Obituary: Influential Norfolk farming leader William Donald dies aged 82
- Credit: Archant
A leading Norfolk potato grower and influential National Farmers' Union member, William Donald, has died aged 82.
In a high-flying career, Mr Donald, of Witton Hall, near North Walsham, was the last chairman of the country's biggest potato marketing co-operative, Anglian Produce.
Born on July 20, 1936, at Thurgarton Hall, he won a scholarship to Gresham's, Holt, leaving at age 16 with 11 'O' levels. He worked for his uncles on their farms and then studied at West of Scotland Agricultural College before returning to his native Norfolk.
He joined agricultural merchants, Press, Bly & Davey at Catfield selling to farmers and then did two years' National Service with the Suffolk Regiment, gaining a commission.
But farming was his first love and he joined Robert Alston in April 1960 as the 39th employee at Old Hall, Witton, near North Walsham. On two farms with 808 acres, he had two dairy herds, pigs, cereals, heavy horses, poultry including turkeys.
You may also want to watch:
Half a century later, Mr Donald was farming 1,600 acres of mainly arable land with a large potato acreage with four staff.
A founder member of Anglian Produce in 1967, when he stood down in 2001, the Bungay-based co-operative had 230 members across the country's key growing areas. Elected to the board in 1972, he became chairman in 1995 and was at the helm of the merger with Greenvale AP plc in 1999 and a new co-operative, AP Growers was formed.
- 1 'It's not even that short' - schoolboy, 14, put in isolation due to haircut
- 2 'Red-and-white spray paint doesn't count' - three danger lorries stopped
- 3 Norfolk man found drunk at wheel twice in less than a month
- 4 Norfolk set for dry week with temperatures to rise
- 5 Nick Knowles joins outcry as Norfolk police told to close Twitter accounts
- 6 'Second time this year' - Armed police called to Norwich street
- 7 Why your phone might warn you of a 'terror attack' today
- 8 Hundreds flock to see exotic birds in Yarmouth bushes
- 9 Two Norfolk restaurants in top five 'secret' places to eat on English coast
- 10 Fresh calls for action over 'unacceptable' queues at A11 roundabout
A doughty defender of farmers' interests, he fought hard in the boardroom to ensure that growers received a fair return from retailers, processors and packers.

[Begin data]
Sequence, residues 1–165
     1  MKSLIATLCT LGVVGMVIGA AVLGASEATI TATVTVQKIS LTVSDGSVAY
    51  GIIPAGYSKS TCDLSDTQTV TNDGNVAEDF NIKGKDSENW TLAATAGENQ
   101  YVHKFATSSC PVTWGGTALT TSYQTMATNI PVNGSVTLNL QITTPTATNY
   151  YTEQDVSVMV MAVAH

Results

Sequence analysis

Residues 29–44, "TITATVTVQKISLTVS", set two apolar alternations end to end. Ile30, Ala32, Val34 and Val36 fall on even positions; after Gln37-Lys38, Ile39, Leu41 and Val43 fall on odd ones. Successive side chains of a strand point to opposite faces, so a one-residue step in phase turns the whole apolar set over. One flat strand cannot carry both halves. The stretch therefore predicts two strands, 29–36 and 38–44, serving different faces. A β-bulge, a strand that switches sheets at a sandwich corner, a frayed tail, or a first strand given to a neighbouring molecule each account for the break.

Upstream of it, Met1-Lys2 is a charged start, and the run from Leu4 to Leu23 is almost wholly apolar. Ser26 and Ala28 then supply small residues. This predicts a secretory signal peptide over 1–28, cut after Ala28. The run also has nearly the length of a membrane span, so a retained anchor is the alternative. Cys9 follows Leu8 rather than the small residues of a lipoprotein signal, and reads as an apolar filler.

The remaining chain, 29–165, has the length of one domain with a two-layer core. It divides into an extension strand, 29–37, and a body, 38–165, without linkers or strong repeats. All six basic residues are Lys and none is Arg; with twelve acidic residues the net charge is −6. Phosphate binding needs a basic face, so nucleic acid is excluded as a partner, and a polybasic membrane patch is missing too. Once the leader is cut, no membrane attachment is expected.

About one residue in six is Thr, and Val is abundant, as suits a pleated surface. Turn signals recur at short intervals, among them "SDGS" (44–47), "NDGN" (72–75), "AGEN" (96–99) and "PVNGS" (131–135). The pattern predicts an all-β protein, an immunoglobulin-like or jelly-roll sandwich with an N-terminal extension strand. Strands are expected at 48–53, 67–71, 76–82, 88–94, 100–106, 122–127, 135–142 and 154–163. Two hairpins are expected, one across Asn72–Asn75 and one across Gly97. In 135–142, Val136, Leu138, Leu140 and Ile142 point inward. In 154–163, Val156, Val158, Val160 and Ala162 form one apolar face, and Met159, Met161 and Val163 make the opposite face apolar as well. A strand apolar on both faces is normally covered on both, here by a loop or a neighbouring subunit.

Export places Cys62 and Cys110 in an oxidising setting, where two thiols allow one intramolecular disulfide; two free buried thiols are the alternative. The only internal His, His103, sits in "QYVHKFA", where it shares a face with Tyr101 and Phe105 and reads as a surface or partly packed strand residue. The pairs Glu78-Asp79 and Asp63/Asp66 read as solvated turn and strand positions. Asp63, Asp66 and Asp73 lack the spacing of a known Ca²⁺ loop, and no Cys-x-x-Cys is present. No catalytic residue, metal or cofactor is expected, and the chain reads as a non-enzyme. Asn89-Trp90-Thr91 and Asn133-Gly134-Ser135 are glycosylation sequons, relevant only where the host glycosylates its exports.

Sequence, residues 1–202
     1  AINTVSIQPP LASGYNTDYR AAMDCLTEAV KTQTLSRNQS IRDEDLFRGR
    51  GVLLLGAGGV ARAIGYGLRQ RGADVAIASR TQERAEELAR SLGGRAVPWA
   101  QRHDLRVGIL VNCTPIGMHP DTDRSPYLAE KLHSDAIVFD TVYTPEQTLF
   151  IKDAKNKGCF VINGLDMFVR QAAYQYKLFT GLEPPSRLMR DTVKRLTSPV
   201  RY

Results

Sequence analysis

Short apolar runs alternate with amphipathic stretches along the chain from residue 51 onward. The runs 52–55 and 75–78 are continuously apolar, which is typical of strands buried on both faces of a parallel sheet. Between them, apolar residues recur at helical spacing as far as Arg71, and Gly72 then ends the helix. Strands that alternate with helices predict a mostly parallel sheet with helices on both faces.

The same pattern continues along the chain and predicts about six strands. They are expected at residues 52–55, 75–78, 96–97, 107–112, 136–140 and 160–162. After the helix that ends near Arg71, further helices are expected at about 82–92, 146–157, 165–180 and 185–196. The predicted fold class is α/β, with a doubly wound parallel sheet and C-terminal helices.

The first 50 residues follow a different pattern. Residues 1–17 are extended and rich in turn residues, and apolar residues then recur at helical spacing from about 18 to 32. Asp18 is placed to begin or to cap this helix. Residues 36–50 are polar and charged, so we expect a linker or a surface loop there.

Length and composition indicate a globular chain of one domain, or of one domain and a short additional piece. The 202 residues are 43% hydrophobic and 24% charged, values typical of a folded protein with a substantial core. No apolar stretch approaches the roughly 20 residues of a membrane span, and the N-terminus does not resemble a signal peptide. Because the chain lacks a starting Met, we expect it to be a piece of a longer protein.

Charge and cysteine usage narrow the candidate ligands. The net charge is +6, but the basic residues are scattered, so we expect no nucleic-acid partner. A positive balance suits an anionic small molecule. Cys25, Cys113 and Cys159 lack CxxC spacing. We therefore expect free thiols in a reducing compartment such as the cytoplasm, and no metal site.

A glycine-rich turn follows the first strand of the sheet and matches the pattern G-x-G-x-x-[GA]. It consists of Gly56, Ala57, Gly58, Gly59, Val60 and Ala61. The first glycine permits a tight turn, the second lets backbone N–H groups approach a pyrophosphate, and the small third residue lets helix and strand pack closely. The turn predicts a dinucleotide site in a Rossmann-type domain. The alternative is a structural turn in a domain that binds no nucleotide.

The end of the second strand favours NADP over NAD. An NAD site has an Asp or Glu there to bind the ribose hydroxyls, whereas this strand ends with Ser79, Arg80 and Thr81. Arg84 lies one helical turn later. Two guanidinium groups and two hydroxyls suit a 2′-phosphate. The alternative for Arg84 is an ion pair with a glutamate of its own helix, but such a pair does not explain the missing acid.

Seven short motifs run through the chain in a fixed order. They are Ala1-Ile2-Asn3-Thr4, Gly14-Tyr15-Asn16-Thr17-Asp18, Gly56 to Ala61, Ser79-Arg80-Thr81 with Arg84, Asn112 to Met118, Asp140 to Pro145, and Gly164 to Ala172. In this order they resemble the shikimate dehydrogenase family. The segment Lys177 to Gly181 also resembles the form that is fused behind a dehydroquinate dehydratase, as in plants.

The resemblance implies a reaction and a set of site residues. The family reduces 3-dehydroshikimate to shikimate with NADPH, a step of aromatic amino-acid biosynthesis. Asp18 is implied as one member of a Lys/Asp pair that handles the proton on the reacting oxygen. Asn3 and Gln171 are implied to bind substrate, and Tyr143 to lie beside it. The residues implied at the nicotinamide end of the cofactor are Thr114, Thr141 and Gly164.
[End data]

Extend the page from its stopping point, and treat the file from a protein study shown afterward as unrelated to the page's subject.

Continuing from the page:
As a grower, he valued close relationships with practical researchers. The annual CUPGRA (Cambridge University Potato Growers' Research Association) conference, backed by AP for many years, became the industry's 'must attend' event.
A staunch NFU member, he was the second youngest Norfolk chairman in 1977. He was on the top table of Agriculture House, Norwich, as county delegate to the NFU Council from 1982 to 1987. He was county treasurer from 1984 for the next 15 years.
Mr Donald was regional delegate to the NFU Council for seven years from 1989 and had been vice-chairman of the NFU's potatoes committee for four years.
In 1994, he stood for one of the top four NFU posts, national treasurer, but was unsuccessful despite strong regional support.
A Norfolk county councillor for five years until 1982, he chaired the land and property committee, then responsible for a 30,000-acre tenanted farms estate. When plans were announced to sell land, it placed him on a collision course with NFU members during his year as chairman.
A dairy farmer, he opposed milk quotas in March 1984 with other senior NFU officers including Peter West and his great friend, David Ritchie.
On the field, he was a keen rugby player, with Norwich and then as a founder member of Holt RFC and second club captain in 1963/4. He was also chairman of his parish council for 22 years until 2009.
He married Jenny on June 3, 1958, and they recently celebrated their diamond wedding anniversary.
President of Stalham Farmers' Club in 2015, he retired as his health continued to decline and was elected an honorary life vice-president. He had been chairman in 1971.
He twice won the club's Potato Cup, presented in 1970 by 'Uncle Rob' Alston, founder of the Clan Trust charity – first in 1974 and again in 1981. His farming company, Alston & Donald, won the two-acre beet competition in 1976 and whole crop beet cup in 2007.
He took up flying and qualified as a private pilot, which he greatly enjoyed but was forced to surrender his licence because of his poor health.
He is survived by his widow, Jenny, daughters Amanda and Sam, three grandchildren, Fiona, Tiffany and Thomas, and a great grand-daughter, Maisie.
A funeral service will be held at St Mary the Virgin, Happisburgh, on Wednesday, September 5 at 2pm. A private family committal will follow at St Margaret's, Witton.